Also, Christianity could never have survived unless it could prove the Resurrection by incontrovertible eyewitnesses' testimony. See The Impossible Faith.
Canon Fire!identity_in_development wrote:The conclusion by the Council of Nicea of what books to include and which to exclude.
As an aside, the Roman was called Pilate, not Pilot.identity_in_development wrote:Events that are not historically plausible within the New Testament: specifically in two stories. Beginning with the start of Jesus' life and ending with his death. Not disputing the basic accuracy of the stories; Jesus obviously WAS born, and he did die, but the accounts are plagued with historical problems:
One Example: Jesus' death:
But see The Easter Challenge for a harmonization of the Resurrection accounts.
Correct. Writing material was sparse and there was no point in mentioning things people already knew.identity_in_development wrote:The point is that these two narratives are fairly different in the way they set up the trial. In one, they're all in one place, in the other, Pilot has to go back and forth. You can reconcile them by saying that Mark just simply didn't mention a few facts (that Pilot had to go back and forth, and Jesus gave two long speeches), and it's a common way to reconcile differences in the Bible — that they are both right, insofar as they narrate what they do, or that they happened at different times.
Do the Gospels disagree on the day of Jesus's crucifixion?identity_in_development wrote:The problem is that there are differences between the two: in particular there is a discrepancy in WHEN this event takes place. When did Jesus die? Both Mark and John indicate that Jesus died during the feast of the Passover; the annual festival celebrated by Jews to commemorate the exodus. The festival had at its background the story of God's deliverance of the people of Israel from their slavery in Egypt through Moses (as recorded in the Book of Exodus). In Jesus' day, the festival was a major event. Jews came from around the world to celebrate the feast in Jerusalem. They would arrive a week in advance to undergo a ritual of purification that would allow them to eat the meal. The ritual took a week, so they would come a week early. The afternoon before the Passover meal was eaten, Jews would bring a lamb which was to be eaten as part of the celebration, to the temple so that it could be sacrificed by the priests. The rest of the day was spent in preparing the meal for the feast; that day was called “the Day of Preparation for the Passover.” Both Mark and John give precise information as to when Jesus was crucified. Mark, the earlier account, has Jesus dying on the day after the Passover Meal in the morning. But John's account has him crucified in the afternoon on the day of preparation. In John's gospel, Jesus was executed before the meal even began.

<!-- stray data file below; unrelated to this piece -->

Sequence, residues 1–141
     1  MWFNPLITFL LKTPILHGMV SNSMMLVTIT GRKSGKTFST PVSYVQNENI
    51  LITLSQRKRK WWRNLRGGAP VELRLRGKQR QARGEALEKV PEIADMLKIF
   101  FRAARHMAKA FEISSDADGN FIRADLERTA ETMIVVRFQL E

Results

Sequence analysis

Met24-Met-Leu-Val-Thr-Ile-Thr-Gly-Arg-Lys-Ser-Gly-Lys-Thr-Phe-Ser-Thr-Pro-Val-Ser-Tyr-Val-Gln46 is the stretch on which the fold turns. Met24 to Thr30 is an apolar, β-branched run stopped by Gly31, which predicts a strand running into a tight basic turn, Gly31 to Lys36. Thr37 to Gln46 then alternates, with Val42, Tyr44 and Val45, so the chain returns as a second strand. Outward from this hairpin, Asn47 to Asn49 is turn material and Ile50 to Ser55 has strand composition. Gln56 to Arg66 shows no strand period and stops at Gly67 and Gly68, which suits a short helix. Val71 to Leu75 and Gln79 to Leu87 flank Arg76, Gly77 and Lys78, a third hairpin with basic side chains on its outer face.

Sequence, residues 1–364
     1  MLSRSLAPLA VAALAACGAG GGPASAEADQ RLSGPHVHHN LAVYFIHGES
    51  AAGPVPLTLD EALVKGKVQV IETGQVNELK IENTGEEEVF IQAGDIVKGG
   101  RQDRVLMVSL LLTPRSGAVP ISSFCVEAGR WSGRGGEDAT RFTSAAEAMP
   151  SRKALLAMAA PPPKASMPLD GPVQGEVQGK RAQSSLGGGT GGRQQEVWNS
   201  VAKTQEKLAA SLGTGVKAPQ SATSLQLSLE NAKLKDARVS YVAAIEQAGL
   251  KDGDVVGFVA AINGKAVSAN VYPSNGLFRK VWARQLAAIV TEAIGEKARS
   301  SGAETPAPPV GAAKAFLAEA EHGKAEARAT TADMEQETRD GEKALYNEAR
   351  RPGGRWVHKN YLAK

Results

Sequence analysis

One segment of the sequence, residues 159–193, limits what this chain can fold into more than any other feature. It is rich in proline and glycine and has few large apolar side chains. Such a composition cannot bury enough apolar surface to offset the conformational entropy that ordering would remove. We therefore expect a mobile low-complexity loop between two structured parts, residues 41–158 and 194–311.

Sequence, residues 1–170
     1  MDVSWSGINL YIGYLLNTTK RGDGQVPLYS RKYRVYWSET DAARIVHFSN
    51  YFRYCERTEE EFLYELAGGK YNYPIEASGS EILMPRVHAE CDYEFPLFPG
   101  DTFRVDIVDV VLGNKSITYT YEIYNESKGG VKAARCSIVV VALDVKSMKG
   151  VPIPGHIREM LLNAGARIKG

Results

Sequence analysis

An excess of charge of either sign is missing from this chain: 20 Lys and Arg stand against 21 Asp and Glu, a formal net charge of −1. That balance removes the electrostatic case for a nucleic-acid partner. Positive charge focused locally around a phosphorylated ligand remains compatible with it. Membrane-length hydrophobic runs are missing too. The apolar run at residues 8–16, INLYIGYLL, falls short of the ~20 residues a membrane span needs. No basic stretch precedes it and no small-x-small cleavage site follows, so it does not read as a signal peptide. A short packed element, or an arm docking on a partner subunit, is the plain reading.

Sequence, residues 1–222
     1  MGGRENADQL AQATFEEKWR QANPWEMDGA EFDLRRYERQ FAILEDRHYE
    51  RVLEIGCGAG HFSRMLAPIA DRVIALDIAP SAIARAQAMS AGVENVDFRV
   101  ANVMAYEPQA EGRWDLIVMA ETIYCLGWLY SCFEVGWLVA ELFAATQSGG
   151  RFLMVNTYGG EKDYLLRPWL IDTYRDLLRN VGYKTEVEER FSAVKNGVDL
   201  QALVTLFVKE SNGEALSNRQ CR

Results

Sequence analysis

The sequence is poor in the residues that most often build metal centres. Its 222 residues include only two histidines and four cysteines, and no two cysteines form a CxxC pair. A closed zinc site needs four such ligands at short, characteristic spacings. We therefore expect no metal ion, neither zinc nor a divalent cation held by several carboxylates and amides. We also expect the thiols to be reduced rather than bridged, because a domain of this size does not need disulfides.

Seems you did the wrong kind of research.identity_in_development wrote:It is probably impossible to reconcile this discrepancy if you want to claim that both accounts are historically accurate.
Nativity and Nitpickingidentity_in_development wrote:One other account has to do with Jesus' birth: between Mathew and Luke. Which I won't go into — but they are almost completely different — making the nativity story we know now a combination of both stories.
You see, these doubts are not 'original', and reasonable answers are provided...
The real problem is to explain why Jesus wasn't divine.
It does -- but it isn't incurable... At least you have something to read, these coming days! Unless you don't like cognitive dissonance, of course...identity_in_development wrote:Does any of this help you understand the small amount of doubt I have in the NT?